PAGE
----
In 2008, Barack Obama won Wisconsin with 57% of the vote and won 62 of 72 counties in the state. In such a decisive victory, many opined that Wisconsin would never vote Republican again and that the state had become deep blue over the last several decades. In 2012, Obama again won the state with 53.5% of the vote, however, his county count dropped to just 39, a loss of 22 counties. Additionally, Obama lost 56,226 votes from his 2008 total, while Romney gained 145,576 votes over McCain’s 2008 showing. McCain and Romney were both cut from the same cloth, that is, political moderates sold to the base as appealing to moderates, yet both lost and Romney performed better. Is that as a result of Romney? The answer to that is likely, no. Voters just happened to shift to the right (much like they did in Michigan).
In 2016, Trump won the state with 51 of 72 counties, a further loss for Democrats of 18 counties in the Badger State. To add insult to injury, Clinton lost an additional 238,449 voters from Obama’s 2012 performance, or a 294,675 vote loss since 2008, while Trump lost only 2,685 votes over Romney’s 2012 performance or a 142,891 vote gain overall since McCain’s 2008 turnout. Additionally, Trump won his counties with an average of 59.14% of the vote, while Clinton won her counties with an average of just 51.21% of the vote.
What has been happening since 2016 then? Since we can show a shift in the electorate in favor of Republicans from electoral results, there would need to be a triggering effect (beyond “Orange Man Bad” Syndrome) that would shift the electorate back in the other direction, and indicators that is occurring. Unfortunately for Dems, that isn’t happening.
Again, Wisconsin is another one of those states that don’t register according to a political party. Voters simply register as a voter, and not a Republican or Democrat voter. This makes tracking voter data a bit harder, but when we look at the counties won by these candidates, we can gather data that suggests a certain direction or result. For instance, when we look at counties won by Clinton in 2016, those counties have lost 97,915 voters over the course of the last 4 years, a 5.3% drop compared to those counties 2016 registered numbers. In counties won by Trump, they lost only 47,963 voters, or a 2.5% loss since 2016, a 2 to 1 advantage for Trump counties. This continues to follow the trend of other battleground states, showing 2 to 1 and sometimes 3 to 1 margins in favor of Republicans.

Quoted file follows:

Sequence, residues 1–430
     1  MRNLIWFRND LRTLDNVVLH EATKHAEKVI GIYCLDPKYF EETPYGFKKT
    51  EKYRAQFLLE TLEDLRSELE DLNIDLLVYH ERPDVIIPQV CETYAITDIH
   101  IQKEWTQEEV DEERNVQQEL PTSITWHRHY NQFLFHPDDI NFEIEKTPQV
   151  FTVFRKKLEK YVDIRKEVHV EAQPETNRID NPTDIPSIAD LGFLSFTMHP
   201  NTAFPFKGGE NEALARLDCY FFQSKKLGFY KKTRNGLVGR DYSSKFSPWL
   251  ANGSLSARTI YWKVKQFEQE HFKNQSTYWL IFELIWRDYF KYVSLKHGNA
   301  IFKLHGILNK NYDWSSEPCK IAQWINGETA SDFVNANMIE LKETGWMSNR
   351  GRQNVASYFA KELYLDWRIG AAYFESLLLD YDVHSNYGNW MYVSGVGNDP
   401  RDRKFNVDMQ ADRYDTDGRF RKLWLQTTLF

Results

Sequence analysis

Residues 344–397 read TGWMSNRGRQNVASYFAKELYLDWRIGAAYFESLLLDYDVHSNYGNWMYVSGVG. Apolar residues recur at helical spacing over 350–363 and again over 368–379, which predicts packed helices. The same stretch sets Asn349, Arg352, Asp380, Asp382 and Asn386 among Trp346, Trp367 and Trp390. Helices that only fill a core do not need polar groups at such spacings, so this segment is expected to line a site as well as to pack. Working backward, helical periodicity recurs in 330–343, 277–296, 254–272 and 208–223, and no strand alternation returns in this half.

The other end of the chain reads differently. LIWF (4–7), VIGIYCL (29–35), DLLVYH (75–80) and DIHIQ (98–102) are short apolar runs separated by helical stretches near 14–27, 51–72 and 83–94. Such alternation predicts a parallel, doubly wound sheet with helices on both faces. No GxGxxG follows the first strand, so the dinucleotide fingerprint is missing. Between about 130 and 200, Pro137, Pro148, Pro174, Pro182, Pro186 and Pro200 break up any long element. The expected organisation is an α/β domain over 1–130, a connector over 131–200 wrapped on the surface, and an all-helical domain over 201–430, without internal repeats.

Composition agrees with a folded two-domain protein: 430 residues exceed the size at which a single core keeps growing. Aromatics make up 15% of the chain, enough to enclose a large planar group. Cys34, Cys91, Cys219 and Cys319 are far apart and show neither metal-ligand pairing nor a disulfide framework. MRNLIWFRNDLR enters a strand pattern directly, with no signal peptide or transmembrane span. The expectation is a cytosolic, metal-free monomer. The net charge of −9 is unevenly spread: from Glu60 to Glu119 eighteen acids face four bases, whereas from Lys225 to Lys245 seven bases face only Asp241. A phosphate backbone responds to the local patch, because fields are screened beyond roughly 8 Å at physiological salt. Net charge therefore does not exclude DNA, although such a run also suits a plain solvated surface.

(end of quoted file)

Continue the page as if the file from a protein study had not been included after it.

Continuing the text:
To highlight that this isn’t just a 4-year-fluke if we take a look at counties won by Obama in 2012, the counties have lost 114,481 (5.4%) voters since 2016, while Romney counties have lost just 31,397 voters, a 2.7 to 1 margin in favor of Romney counties. When factored for population, that number rises to a 3.5 to 1 margin in favor of Romney counties. There is definitely a trend.
So what does this mean for 2020? I think Trump not only wins Wisconsin but does so someplace in the 53% range. The state has shifted 3 to 4 points each election since, directly correlated to the voter registration numbers that preceded those shifts. With another similar result in voter registration, I believe the state shifts another 3 to 4 points to the right again in 2020. Biden doesn’t excite voters the same as Trump, and stats coming out of Trump rallies show massive numbers of “shy voters” showing up. Kenosha’s unrest did no favors for Biden and Trump has capitalized on this with his “law and order” march since that time. Biden’s slip in the last several days, his loss in the debate last week, and the unfolding Hunter Biden drama lead me to conclude that Trump wins Wisconsin.